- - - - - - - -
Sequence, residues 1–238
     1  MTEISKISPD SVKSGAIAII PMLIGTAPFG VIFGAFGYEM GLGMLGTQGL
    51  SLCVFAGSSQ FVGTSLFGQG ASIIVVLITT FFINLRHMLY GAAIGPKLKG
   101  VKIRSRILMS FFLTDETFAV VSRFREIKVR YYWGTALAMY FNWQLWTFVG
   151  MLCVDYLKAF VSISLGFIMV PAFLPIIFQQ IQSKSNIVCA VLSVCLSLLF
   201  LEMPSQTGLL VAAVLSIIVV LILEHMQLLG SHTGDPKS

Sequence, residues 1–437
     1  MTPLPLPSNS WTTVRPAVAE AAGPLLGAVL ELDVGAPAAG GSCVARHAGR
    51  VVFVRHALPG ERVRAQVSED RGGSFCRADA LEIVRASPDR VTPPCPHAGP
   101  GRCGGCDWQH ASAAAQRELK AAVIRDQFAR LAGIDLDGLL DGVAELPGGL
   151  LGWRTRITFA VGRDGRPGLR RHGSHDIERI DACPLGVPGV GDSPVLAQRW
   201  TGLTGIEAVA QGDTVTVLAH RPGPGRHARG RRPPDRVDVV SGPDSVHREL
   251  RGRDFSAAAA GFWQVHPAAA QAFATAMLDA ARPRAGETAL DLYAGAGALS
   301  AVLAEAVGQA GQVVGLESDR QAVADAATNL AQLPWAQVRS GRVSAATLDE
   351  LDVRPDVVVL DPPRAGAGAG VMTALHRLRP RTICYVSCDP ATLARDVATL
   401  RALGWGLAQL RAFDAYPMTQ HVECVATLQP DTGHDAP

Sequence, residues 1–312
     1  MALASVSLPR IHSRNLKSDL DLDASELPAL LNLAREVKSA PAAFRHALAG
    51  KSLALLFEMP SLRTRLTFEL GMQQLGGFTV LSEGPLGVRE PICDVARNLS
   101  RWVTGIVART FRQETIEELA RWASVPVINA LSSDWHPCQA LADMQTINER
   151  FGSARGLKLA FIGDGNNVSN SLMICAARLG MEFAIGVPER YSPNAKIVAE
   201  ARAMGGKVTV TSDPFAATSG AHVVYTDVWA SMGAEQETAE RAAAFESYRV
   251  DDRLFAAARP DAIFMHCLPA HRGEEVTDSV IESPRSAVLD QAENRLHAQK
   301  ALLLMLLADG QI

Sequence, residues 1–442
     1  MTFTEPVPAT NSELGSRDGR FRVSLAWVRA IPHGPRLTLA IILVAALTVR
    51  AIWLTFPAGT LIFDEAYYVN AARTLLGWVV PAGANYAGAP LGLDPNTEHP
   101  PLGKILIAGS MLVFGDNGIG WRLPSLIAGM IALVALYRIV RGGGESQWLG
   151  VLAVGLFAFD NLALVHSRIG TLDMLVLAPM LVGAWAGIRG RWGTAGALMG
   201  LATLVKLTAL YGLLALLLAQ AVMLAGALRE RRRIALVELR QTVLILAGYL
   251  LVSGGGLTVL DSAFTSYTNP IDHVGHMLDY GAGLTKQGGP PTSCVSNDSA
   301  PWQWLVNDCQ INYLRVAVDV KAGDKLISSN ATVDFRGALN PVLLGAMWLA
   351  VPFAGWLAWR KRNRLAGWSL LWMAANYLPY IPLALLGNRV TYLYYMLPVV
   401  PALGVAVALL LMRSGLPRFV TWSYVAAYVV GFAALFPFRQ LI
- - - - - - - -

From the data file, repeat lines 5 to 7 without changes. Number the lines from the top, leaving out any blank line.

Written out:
   151  MLCVDYLKAF VSISLGFIMV PAFLPIIFQQ IQSKSNIVCA VLSVCLSLLF
   201  LEMPSQTGLL VAAVLSIIVV LILEHMQLLG SHTGDPKS

Sequence, residues 1–437